Republican leaders largely embraced Greene after she won the primary as she was running in a traditionally conservative-voting Georgia district, making it harder for them to distance themselves from her, especially when many of her views were already well known.
The dynamic raises questions about the the party’s ability — or interest — in moving past Trump-style politics after the former president spent years advancing conspiracy theories of his own.
“Trump didn’t hijack the party, the party became Donald Trump,” said Stuart Stevens, co-founder of the Lincoln Project, a conservative group that staunchly opposes Trump. “They’re radicals.”
CNN reported on Greene’s Facebook posts, which have since been deleted.
She tweeted responses before the story was posted that didn’t dispute their authenticity or disavow them, saying instead: “Many posts have been liked. Many posts have been shared. Some did not represent my views.”
California Democratic Rep. Jimmy Gomez announced Wednesday night that he was readying a resolution to expel Greene from Congress because of her past social media activity.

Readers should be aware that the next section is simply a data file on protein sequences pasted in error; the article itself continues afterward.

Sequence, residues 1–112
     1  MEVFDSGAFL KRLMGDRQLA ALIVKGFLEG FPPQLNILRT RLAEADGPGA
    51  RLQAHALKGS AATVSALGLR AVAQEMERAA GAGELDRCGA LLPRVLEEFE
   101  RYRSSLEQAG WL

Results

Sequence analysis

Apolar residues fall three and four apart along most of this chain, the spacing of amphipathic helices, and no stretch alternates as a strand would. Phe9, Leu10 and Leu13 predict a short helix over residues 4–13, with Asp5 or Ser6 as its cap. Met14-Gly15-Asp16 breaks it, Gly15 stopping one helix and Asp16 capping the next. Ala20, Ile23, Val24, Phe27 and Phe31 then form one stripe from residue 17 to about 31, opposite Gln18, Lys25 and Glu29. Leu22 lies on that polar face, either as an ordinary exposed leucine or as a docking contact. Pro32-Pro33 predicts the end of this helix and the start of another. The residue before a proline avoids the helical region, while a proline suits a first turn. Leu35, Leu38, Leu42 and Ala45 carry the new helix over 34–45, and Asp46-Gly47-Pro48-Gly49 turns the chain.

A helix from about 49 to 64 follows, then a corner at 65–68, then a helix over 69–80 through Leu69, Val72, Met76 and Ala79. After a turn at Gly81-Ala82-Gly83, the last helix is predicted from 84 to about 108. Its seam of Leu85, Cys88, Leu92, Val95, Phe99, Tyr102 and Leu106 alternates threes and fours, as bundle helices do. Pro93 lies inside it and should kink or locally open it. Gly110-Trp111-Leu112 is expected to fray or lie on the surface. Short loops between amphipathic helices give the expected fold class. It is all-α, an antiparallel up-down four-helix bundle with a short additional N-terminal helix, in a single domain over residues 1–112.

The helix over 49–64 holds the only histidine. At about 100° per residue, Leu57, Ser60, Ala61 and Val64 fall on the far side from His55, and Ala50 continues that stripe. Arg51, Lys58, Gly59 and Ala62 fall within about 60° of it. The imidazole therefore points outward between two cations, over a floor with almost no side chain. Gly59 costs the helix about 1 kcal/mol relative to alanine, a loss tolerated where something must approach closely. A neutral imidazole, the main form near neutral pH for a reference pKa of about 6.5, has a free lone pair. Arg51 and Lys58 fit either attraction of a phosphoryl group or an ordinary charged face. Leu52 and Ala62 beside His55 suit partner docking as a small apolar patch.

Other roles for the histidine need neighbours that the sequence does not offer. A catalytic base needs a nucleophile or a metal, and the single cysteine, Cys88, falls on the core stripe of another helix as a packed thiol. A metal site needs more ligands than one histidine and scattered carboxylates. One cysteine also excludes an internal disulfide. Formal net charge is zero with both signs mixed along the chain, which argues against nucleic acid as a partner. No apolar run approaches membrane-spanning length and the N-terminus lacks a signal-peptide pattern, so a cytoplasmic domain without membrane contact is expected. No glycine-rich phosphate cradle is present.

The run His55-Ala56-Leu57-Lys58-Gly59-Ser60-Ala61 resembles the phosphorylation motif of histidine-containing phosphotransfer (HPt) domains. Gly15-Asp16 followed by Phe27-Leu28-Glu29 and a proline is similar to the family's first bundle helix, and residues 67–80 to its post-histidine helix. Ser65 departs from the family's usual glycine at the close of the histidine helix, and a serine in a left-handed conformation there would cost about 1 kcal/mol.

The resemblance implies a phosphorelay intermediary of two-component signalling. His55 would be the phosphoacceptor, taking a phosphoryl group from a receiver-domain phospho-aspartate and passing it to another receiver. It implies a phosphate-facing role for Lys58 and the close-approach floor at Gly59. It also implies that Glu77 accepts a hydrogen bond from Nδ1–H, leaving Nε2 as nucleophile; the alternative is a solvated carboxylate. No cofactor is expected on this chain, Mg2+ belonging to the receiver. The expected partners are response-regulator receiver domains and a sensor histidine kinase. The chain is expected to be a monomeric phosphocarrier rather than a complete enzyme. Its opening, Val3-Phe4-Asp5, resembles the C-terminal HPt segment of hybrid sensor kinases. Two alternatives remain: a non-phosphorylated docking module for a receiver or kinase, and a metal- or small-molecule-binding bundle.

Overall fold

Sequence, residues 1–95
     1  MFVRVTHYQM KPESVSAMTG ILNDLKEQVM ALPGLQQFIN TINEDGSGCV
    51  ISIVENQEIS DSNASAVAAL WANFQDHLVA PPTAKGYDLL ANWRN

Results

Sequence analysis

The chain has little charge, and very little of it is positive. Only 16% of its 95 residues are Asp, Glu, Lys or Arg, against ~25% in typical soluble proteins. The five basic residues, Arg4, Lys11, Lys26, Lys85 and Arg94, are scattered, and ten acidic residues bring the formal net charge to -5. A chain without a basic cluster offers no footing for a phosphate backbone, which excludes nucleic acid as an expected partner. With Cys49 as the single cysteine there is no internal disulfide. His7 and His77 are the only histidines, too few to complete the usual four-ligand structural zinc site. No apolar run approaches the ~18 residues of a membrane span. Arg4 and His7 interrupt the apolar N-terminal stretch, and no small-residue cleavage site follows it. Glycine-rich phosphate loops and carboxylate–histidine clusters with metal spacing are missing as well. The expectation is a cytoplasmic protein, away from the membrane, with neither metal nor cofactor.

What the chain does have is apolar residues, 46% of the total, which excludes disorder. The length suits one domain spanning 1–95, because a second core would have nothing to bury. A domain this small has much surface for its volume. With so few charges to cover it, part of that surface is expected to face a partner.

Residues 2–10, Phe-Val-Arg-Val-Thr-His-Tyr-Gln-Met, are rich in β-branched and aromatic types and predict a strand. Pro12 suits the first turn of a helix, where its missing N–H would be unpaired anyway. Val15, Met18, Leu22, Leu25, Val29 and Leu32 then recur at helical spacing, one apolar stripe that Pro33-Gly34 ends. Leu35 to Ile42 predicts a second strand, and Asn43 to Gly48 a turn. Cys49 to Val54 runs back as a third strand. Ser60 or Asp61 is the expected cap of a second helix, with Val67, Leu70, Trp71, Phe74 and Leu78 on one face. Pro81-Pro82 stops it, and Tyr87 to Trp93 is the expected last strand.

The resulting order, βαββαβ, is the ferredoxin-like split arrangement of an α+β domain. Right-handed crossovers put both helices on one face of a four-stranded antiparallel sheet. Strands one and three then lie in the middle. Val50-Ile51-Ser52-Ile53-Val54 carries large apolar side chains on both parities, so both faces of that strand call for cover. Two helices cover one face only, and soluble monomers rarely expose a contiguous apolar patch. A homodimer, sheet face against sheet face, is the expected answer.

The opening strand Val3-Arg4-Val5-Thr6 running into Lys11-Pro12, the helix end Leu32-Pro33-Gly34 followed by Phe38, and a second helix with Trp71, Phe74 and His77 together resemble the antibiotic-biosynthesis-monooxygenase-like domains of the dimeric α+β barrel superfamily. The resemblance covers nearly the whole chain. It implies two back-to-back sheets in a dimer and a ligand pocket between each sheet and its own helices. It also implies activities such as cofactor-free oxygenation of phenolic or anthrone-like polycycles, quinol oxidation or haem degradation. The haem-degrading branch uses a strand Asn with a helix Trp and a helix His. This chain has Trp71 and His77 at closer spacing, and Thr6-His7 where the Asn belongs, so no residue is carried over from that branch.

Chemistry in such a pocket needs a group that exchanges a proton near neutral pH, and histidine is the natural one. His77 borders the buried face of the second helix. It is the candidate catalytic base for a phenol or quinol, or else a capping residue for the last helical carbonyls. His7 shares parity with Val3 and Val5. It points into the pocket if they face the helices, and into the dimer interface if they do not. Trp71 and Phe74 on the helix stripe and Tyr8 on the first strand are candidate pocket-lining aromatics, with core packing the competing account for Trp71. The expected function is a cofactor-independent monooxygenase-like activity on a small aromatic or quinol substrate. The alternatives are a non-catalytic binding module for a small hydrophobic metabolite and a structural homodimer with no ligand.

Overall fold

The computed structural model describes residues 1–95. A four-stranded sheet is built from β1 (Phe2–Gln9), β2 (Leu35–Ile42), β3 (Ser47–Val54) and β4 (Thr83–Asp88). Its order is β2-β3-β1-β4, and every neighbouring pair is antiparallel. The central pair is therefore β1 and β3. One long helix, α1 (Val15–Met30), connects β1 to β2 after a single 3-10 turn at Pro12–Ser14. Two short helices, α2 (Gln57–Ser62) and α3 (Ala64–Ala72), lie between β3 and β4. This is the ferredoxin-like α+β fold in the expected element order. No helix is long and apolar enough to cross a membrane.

Republicans call Greene’s posts ‘deeply disturbing’ and ‘disgusting’
In a statement to Axios, a spokesperson for McCarthy called the posts “deeply disturbing and Leader McCarthy plans to have a conversation with the congresswoman about them.”
It’s unclear when that conversation may happen. McCarthy plans to fly to Florida on Thursday to meet with Trump at his Mar-a-Lago resort.
Front Burner25:01‘The Storm’ never came, and QAnon believers are shaken
Republican National Committee Chairwoman Ronna McDaniel called the posts “disgusting,” and condemned the QAnon movement in recent days.
“I think it’s really important, after what’s just happened in our country, that we have some self reflection on the violence that’s continuing to erupt,” McDaniel said in an interview.